It was a lot of fun. For a bit of fun for yourself, go ahead and rate how much of a foodie you are — see how many of the following points you can identify with. To me, a "foodie" is one who:

• is more concerned about who wins the current season of Top Chef than best actress/actor at the Academy Awards.

• always has "food on the brain” (one is intrinsically a foodie — it can neither be feigned nor forced — most "foodies" have always been devoted to and delighted by food, even as children).

• wants to know where their food comes from, how it is made and, therefore, why it tastes better.

• enthusiastically discusses the details of the upcoming dinner while still enjoying lunch.

• cooks for love and takes great pleasure in preparing meals for others.

• plans vacation destinations not for the best beaches, shopping or golf courses, but for the best restaurants, food shops and wine bars.

• owns a personal copy of the following movies: Babette's Feast, Big Night and Like Water for Chocolate.

• waits in eager anticipation for the Wednesday paper in order to read the food section.

• would never be satisfied with a bowl of cereal or a bag of microwave popcorn for dinner, no matter how harried or stressed the day.

• can name a restaurant in any given major city that they are just dying to try out.

• has at least one file folder filled with newspaper and magazine clippings of recipes that they have great intentions of making one day.

• includes as one of the first five bookmarks/favourites on their web browser.

• always has the latest copy of the LCBO's Food & Drink magazine handy.

• seriously intends to write a cookbook, if only a collection of family recipes to be passed down as an heirloom.

• appreciates the value in spending the time to plan, shop for and create a special meal, snack, drink or dessert even though the experience of eating it might be over in minutes.

• owns a multitude of kitchen appliances and gadgets, recalling where each came from and knowing what each particularly is best suited for.

• appreciates all food — whether a simple omelet or a five-course feast — just as long as it is prepared properly.

• has an uncanny memory for the minutiae of past meals — and can accordingly vividly remember his/her first taste of kiwi fruit, first Thai food experience and first taste of goat cheese.

• will pick up a non-food magazine (Instyle, Coastal Living or O) in a doctor's waiting room and immediately flip to the table of contents to scan for any article related to food or entertaining.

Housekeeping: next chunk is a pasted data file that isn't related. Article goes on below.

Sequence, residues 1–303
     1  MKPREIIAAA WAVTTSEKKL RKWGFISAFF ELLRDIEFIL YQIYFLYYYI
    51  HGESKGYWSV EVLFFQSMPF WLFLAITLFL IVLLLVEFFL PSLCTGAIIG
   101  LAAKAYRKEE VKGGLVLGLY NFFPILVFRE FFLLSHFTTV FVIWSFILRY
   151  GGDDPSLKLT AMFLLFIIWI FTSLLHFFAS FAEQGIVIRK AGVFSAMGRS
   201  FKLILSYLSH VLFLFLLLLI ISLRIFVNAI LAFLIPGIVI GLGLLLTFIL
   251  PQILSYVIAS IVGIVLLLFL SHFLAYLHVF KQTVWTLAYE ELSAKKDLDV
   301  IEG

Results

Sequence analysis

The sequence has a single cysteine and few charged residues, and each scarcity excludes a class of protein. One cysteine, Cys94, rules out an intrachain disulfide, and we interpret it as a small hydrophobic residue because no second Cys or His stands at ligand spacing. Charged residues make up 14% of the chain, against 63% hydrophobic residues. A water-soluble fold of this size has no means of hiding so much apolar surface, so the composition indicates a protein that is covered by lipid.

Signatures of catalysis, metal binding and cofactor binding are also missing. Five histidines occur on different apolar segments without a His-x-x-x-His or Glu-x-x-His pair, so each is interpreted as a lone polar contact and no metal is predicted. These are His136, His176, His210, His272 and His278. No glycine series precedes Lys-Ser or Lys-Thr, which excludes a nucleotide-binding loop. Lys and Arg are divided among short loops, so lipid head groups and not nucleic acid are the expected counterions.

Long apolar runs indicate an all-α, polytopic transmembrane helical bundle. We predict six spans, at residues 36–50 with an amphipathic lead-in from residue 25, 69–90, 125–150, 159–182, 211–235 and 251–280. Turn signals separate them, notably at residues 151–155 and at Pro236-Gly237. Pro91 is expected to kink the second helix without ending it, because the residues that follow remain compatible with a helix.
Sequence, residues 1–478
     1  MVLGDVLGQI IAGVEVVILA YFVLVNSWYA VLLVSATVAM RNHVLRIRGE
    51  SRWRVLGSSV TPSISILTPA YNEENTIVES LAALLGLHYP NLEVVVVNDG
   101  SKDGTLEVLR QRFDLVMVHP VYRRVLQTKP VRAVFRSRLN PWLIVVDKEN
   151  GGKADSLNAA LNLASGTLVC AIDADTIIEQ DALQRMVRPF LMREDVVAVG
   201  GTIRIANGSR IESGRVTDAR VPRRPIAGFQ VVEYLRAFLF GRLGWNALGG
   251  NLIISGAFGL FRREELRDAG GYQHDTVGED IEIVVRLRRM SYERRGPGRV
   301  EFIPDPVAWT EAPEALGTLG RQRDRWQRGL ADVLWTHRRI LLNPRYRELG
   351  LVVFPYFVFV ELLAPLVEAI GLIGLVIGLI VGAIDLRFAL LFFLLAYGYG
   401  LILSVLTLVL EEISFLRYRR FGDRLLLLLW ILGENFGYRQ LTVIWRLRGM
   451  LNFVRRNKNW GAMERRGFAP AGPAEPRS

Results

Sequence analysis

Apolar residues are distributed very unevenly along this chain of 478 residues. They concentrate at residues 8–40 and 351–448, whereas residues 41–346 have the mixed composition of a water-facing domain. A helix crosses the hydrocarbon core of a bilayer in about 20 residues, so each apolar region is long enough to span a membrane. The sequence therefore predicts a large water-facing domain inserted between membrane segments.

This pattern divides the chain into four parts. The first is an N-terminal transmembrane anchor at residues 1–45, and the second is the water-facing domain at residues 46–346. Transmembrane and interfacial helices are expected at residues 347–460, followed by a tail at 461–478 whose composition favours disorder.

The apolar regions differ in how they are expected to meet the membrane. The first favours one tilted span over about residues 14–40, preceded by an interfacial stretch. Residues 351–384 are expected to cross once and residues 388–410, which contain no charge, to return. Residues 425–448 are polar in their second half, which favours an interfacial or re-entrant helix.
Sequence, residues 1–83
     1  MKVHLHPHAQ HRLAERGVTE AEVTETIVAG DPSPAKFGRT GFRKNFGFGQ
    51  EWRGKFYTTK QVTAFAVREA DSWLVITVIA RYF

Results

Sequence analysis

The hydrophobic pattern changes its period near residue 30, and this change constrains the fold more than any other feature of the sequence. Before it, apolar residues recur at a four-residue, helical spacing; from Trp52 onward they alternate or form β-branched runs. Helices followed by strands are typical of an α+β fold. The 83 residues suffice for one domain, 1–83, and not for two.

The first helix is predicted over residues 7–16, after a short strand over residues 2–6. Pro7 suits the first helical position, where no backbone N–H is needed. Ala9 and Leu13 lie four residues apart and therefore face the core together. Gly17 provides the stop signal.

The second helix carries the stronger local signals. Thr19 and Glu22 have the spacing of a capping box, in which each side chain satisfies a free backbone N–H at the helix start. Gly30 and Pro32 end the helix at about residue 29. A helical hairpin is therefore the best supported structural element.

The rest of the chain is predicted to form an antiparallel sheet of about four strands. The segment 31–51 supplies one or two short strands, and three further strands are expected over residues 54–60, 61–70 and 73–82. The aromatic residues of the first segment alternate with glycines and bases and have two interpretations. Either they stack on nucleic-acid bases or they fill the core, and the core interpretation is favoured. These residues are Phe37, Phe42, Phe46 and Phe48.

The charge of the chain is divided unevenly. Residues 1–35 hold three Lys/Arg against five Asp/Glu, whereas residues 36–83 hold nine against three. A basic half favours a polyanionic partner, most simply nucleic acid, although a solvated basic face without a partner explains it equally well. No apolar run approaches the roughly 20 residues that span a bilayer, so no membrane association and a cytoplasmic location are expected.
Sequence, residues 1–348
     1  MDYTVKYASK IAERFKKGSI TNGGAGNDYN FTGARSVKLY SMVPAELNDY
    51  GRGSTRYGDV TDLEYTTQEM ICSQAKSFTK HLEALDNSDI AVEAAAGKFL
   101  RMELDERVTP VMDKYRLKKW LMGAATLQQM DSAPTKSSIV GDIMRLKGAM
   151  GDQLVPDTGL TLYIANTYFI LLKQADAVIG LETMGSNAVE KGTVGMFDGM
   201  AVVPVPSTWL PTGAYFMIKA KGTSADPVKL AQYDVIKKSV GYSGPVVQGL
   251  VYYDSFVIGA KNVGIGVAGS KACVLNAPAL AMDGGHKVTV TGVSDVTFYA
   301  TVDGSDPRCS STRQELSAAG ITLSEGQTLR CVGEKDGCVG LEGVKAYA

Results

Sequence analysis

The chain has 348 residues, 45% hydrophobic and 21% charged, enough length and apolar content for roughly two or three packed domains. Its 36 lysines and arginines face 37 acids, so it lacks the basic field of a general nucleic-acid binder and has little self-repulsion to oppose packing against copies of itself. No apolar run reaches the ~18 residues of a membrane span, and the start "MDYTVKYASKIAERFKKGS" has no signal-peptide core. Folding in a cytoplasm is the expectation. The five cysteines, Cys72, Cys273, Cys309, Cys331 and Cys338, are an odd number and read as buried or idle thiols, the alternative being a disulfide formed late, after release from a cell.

• has purchased the movie Ratatouille for the child they haven't yet conceived.

• has a host of "signature" recipes that they love preparing and sharing (a foodie often starts planning what they are going to make for their holiday "gourmet gifts from the kitchen" in July).

At the shop, we sell loads of shortbread, especially at this time of the year.

Here is a recipe for my signature whipped shorttbread. They are very light and tender so be forewarned — they are quite fragile.

We no longer sell this particular variety of shortbread at the store because we found that packaging them into bags caused too much breakage and crumbling.

Called Shorttbread, this recipe makes a beautiful (not to mention delicious) hostess gift. Be sure to package your cookies into sturdy vessels like biscuit tins or ceramic dishes to prevent any breakage.

Signature Whipped Shorttbread


  • 1 lb. salted butter, at room temperature
  • 2 cups all-purpose flour
  • 1 cup icing sugar
  • 1 cup cornstarch
  • 1 1/2 tsp pure vanilla extract


  • Cream butter in a stand mixer on medium speed (or use hand mixer) until light and fluffy. Add vanilla extract.
  • Sift dry ingredients twice. Add dry ingredients slowly to the butter-vanilla mixture (in about three additions). Chill dough in fridge.
  • Roll into one-inch diameter balls on parchment-lined baking sheet and press to slightly flatten with the tines of fork.
  • Bake for about 22-30 minutes in a 300-degree F oven.
  • Makes about 25 Shorttbread cookies.

quick tip

I almost always bake (and cook) with unsalted butter, however, this recipe calls for salted butter. For best results, please do not substitute the unsalted variety.